Follow up on the application. If possible and permitted, contact a prospective employer roughly a week after the application deadline has passed. Some HR people wait to give out interviews until prospective hires follow up on their applications, believing the follow-up proves who really wants the job. This practice has gone out of favor with the sheer volume of applications many companies receive, so check the job posting to see if following up on an application is appropriate. Don’t harass the company – simply call or email once if the contact information was supplied on the job posting and it is appropriate.
I agree with that and I also think that you have to have questions for your job interview prepared because after the interviewer finishes and you don’t have any questions it almost looks like you are not interested in the company or did not take the time to learn about the position. I normally just jot down a few questions while I am doing my research so that this does not happen to me.
I think that getting ready for an interview is important because there will be a part of you that will be nervous but if you prepare ahead of time you will come across as more confident.
@Latte31 - That is a great idea. I also think that some people have had success calling the company directly. If you know a little about the company and can tell them how you can help them they might be intrigued enough to give you an interview.
This is very unconventional, but it also shows that you are a take charge person and it might be what the company is looking for. If you are granted an interview, you have to practice your interview skills and practice the answer to every difficult question you can imagine.
You also want to highlight your accomplishments and demonstrate how you are able to help the company. I think that that is so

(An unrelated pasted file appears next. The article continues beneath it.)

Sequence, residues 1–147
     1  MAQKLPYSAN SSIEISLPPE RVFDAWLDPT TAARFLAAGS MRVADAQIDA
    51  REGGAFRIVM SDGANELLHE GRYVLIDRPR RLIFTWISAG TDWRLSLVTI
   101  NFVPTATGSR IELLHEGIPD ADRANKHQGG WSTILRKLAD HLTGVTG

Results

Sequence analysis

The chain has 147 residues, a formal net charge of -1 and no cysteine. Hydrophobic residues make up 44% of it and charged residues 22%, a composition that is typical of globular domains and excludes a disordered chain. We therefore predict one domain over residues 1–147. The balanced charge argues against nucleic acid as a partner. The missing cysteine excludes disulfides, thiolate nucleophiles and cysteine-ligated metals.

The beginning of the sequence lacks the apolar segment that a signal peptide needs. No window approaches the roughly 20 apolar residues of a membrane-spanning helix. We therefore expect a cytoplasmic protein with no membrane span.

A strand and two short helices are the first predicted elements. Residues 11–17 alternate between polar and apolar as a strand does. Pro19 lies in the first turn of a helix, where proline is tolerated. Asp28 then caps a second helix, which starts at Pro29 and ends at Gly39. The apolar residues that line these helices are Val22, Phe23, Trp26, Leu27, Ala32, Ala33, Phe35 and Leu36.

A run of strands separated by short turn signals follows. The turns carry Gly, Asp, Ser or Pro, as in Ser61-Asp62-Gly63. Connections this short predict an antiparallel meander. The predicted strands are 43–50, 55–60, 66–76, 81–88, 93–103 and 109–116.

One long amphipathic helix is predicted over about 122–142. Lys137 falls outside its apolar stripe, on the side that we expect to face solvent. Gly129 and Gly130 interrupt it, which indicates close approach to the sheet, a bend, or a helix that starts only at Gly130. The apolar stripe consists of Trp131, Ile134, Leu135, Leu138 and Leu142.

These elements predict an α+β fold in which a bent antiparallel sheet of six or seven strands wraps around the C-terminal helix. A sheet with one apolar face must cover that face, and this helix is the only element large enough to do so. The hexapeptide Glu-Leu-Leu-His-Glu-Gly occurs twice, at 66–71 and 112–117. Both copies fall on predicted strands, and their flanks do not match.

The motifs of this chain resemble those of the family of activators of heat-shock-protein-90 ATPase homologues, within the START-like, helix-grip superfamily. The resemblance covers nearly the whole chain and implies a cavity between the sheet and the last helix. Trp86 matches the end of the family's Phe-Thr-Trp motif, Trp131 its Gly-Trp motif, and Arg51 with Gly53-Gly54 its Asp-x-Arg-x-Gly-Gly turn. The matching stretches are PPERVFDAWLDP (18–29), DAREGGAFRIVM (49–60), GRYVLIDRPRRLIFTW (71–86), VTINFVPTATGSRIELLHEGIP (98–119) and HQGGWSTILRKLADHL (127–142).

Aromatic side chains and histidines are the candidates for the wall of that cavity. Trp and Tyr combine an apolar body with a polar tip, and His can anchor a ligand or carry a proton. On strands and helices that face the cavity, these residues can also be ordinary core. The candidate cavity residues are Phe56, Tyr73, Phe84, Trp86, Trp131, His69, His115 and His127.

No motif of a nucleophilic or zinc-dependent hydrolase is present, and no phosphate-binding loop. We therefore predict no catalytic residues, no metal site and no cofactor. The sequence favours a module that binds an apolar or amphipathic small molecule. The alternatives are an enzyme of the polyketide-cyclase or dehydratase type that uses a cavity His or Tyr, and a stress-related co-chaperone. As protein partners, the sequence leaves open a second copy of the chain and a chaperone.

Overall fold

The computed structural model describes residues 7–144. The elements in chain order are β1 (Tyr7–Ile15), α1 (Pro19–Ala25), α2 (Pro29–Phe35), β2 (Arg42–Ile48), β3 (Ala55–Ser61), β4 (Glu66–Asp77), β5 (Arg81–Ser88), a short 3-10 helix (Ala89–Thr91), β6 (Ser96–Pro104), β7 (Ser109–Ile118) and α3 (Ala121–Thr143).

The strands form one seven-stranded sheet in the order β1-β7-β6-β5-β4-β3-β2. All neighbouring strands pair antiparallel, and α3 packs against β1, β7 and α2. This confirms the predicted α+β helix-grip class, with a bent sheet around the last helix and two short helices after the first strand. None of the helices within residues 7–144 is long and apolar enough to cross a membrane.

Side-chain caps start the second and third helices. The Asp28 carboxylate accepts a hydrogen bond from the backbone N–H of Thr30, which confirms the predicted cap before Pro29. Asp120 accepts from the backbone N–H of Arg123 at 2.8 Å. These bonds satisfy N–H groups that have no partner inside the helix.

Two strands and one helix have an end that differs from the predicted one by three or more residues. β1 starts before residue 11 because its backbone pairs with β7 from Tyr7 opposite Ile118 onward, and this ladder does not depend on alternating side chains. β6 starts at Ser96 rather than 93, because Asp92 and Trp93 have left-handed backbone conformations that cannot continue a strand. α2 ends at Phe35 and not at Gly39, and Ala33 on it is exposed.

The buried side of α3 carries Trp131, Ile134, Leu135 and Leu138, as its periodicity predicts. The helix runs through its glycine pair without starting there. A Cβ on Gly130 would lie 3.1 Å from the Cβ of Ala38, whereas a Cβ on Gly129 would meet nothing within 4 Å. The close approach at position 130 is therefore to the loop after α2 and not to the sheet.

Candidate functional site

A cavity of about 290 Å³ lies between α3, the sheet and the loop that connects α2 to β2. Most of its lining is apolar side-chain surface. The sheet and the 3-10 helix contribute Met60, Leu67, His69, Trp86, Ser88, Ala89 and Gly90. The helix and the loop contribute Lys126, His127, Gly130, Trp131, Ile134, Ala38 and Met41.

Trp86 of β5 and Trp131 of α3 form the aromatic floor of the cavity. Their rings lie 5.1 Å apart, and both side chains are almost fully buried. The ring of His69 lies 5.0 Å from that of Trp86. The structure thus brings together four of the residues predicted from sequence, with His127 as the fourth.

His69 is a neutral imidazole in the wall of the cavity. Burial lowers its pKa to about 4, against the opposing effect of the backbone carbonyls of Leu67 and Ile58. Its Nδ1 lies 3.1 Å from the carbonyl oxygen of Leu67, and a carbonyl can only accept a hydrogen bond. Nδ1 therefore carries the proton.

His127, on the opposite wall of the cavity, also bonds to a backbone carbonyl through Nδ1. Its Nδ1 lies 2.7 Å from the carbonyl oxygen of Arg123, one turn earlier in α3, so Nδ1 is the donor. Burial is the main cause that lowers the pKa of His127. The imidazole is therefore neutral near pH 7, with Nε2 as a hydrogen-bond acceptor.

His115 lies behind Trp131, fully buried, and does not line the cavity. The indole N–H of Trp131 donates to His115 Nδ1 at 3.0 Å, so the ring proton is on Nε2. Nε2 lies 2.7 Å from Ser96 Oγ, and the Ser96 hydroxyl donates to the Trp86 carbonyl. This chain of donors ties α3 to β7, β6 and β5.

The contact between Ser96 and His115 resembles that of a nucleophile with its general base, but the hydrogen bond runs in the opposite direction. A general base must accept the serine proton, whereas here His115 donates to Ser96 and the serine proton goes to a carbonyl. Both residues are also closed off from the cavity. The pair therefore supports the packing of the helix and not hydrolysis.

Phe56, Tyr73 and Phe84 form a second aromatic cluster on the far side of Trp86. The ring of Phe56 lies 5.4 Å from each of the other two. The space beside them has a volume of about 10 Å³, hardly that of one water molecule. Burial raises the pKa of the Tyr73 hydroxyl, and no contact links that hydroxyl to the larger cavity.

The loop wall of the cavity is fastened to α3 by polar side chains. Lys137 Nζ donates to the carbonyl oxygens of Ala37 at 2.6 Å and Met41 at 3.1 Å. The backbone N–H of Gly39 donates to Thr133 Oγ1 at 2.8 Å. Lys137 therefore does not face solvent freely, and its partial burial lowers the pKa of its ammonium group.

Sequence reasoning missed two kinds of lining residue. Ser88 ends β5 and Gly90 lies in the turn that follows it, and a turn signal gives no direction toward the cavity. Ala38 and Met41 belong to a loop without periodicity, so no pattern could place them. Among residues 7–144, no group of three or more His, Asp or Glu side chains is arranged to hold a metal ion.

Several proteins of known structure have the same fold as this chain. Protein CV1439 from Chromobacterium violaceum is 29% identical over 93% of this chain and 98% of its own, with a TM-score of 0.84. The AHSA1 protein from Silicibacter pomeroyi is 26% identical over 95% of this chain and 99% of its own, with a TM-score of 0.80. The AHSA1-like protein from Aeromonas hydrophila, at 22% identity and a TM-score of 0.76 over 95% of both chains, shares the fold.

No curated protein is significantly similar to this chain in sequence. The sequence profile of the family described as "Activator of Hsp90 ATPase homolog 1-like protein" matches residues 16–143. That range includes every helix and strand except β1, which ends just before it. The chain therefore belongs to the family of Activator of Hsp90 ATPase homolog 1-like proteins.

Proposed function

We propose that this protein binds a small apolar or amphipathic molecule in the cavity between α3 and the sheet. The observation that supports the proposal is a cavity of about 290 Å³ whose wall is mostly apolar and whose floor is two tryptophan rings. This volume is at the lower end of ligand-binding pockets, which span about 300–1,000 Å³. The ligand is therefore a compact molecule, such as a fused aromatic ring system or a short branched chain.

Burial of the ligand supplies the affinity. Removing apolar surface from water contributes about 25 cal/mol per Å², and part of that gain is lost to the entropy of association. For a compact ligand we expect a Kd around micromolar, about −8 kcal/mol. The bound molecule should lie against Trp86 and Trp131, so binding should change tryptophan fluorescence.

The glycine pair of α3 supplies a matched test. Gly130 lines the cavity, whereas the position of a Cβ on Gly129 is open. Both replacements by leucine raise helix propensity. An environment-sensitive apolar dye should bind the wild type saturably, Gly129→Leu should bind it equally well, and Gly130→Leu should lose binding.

important. I used to work as a human resource manger and although I did the initial interviews for the company, if the candidate could not tell me how he or she would help our company, or why I should hire him or her, I would not grant them a second interview with the department manager.
I think that people underestimate the importance of interview preparation.
@Cafe41 - I agree with the networking idea. I used to be a recruiter and we filled most of our technical job openings by going to user groups in order to recruit people from different jobs that we had available.
These were usually very high quality recruits because they were involved in an industry meeting on their own time which demonstrated their interest in the field.
So if you belong to a group or decide to join a professional business group via social media outlets it could be a great choice because you can network with people at home and they will often let you know what jobs are available.
They usually send you emails regarding jobs that
they have available, but you have to subscribe to that group via email first. My husband is happy at his job, but he gets tons of emails about other jobs that are available all of the time and he also stays on top of his industry this way.
I was watching a news segment that was discussing how to get a job interview and they stated that most of the companies hire people that are referred to them.
They added that networking is really the key to getting a job interview because the majority of the available jobs go unadvertised. Sometimes it is just a matter of going to an industry function or to a meeting
I think that the problem is that companies get so many resumes that many do not even look at most of them. If you get a referral it is a lot easier to get your foot in the door then just sending out a resume. In the news story they said that about 2% of resumes are considered for interviews which is why a lot of people can't get an interview when they rely on this method.